By most accounts, Levi’s Stadium was an excellent Super Bowl host. The new venue had luxury accommodations for the higher-end, often corporate crowd intermixed with some passionate, run-of-the-mill fans.

It’s state of the art in the truest sense, with numerous revenue streams to linethe pockets. That's certainly true for Jed York’s 49ers, and would be to a lesser extent for an additional tenant in that NFL stadium.

But don’t expect the Raiders to sign up for that deal. Owner Mark Davis has said time and again he has no interest in playing at Levi’s Stadium -- already built for two teams -- for any length of time.

“I just don’t think it fits the Raiders,” Davis said Friday. “I’ve said it all along, that there are three words that mean something to me regarding a stadium location. That’s ingress, egress and parking. On game day, our parking lot probably holds the largest non-denominational gathering on Sunday morning that you’ll find. I’m not going to give that up. That’s part of the Raiders in-game experience.

“I don’t believe they have that in Santa Clara. There are other things that create the 49ers game-day experience, but the Raiders have an experience of their own.”

Davis is driven to find a permanent solution that fits his franchise, and remains undeterred by a process that has featured little progress and a withdrawl from immediate LA relocation last month.

“The next stadium we build will be around for the next 40 years or so, and that will be for the rest of my life,” Davis said on Saturday. “I want to make sure that, wherever we are, it's going to be the right place. It can’t be just any place. It has to be the right place.”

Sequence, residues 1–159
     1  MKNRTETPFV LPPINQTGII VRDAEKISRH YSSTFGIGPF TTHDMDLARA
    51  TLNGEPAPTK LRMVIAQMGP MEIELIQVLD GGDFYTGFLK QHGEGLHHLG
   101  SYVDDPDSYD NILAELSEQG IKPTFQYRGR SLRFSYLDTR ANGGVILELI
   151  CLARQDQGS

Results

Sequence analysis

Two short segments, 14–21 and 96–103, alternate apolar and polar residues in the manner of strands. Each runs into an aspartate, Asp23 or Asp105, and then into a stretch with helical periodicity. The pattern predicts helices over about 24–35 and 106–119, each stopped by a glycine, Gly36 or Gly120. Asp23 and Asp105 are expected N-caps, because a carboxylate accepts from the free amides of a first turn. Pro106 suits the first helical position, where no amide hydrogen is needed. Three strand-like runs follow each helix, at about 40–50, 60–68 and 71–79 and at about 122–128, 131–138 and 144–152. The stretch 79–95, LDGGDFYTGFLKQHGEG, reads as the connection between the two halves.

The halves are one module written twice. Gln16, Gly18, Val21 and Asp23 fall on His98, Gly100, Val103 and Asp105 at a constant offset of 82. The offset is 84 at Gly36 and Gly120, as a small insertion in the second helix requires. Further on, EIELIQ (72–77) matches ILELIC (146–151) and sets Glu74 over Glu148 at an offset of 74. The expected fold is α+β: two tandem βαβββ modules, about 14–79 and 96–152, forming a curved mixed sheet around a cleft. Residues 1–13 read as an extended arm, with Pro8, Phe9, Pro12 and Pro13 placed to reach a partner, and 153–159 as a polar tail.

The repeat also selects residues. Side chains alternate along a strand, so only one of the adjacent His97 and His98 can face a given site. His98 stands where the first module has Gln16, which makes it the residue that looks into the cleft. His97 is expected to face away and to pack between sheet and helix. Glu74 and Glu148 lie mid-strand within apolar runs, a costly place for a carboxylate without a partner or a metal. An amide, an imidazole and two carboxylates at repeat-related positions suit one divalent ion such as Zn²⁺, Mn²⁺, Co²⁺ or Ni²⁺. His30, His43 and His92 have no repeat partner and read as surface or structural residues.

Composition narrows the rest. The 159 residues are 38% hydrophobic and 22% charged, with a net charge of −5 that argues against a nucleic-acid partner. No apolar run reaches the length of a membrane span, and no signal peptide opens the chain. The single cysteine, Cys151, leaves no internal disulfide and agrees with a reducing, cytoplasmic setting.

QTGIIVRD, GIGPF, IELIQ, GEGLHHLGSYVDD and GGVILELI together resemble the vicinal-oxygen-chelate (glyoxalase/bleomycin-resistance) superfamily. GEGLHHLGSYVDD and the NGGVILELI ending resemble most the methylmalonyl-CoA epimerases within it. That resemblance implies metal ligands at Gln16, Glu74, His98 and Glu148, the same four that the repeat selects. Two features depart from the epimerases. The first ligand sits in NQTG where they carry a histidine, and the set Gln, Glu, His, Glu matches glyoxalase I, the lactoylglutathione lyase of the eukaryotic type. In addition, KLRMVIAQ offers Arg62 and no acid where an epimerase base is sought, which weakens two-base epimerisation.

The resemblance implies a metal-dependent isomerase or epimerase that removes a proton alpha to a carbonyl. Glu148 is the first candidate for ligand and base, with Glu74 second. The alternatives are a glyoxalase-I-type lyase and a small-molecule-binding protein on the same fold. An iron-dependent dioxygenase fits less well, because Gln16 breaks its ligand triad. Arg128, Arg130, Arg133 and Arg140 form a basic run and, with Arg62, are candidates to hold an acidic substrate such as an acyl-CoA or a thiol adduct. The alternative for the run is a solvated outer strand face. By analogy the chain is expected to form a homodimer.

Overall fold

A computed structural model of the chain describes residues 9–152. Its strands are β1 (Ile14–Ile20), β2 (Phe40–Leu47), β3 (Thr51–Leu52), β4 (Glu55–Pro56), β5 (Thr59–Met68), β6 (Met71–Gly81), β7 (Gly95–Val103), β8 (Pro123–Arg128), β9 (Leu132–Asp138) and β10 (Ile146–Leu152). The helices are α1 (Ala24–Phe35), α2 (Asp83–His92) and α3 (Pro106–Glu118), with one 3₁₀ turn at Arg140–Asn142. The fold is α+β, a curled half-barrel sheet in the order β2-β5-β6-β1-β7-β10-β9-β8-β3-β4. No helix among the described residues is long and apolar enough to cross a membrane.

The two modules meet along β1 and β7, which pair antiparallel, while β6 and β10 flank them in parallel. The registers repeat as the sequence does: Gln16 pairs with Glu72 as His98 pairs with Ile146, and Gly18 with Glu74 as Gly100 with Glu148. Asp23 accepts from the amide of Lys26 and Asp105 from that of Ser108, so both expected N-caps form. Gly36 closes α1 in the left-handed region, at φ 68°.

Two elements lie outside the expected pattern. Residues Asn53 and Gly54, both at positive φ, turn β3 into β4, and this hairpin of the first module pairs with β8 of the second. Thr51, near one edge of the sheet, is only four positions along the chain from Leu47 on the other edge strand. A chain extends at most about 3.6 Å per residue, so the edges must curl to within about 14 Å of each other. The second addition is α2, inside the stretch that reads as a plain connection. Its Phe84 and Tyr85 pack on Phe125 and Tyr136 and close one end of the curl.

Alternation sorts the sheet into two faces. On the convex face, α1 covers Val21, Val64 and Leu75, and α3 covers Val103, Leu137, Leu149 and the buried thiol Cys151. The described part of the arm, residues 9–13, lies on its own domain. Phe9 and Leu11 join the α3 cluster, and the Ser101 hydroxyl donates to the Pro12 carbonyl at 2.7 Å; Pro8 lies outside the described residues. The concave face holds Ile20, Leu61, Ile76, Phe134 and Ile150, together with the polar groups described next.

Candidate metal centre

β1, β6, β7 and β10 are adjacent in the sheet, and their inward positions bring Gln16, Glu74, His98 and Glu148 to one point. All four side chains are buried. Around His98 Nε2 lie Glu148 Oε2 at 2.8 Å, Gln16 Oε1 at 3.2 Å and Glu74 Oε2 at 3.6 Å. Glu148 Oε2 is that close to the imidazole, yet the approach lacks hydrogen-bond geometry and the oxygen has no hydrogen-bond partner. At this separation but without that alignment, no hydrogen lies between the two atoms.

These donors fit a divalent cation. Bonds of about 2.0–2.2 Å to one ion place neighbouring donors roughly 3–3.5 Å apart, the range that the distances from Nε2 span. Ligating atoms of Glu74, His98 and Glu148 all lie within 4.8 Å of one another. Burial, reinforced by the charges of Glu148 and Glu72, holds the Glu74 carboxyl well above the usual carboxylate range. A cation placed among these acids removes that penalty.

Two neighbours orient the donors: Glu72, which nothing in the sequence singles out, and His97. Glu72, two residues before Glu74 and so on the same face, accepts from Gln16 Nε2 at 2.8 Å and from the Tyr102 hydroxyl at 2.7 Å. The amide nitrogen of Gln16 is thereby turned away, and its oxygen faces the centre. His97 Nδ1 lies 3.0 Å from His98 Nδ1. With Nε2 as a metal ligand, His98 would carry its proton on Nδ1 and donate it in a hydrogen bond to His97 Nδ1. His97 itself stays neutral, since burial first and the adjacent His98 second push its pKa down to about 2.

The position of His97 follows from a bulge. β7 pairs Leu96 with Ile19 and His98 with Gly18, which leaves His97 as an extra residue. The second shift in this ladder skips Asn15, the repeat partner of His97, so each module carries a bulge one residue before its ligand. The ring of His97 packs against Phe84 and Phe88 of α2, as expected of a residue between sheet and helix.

In his mind, Levi’s is not the right place.

Levi’s Stadium is notoriously hard to get out of, with but a few satellite lots designated for tailgating. Tailgating has become a lost tradition in many NFL markets, as teams use stadium-adjacent land for development designed to help finance stadium construction or fill coffers.

Davis has been unwilling to revise his vision for tailgating, entering and exiting at a new Raiders stadium. It’s been a sticking point in talks with the city of Oakland, as Davis prefers using land around a proposed stadium for ground-level parking. He wants control of the Coliseum site, something the city has been unwilling to concede. Baseball’s Oakland Athletics also hope to build a stadium on that land, and the city wants to accommodate that franchise as well.

Davis has explored stadium prospects in Las Vegas and San Antonio. He has been approved to join the Rams’ Inglewood project -- a vast, entertainment hub that doesn’t seem to fit Davis’ vision for a Raiders stadium -- should the Chargers remain in San Diego after 2016.

Success building a stadium in Oakland would make the Bay Area the only market with two NFL stadiums. The Jets and Giants share a stadium in the New York area. The Inglewood project would house two teams in LA.

Though he has grown frustrated with recent talks with Oakland, Davis hasn’t given up on his long-stated hope of staying put.

“Tomorrow is another day,” Davis said on Saturday. “You never know what can happen.”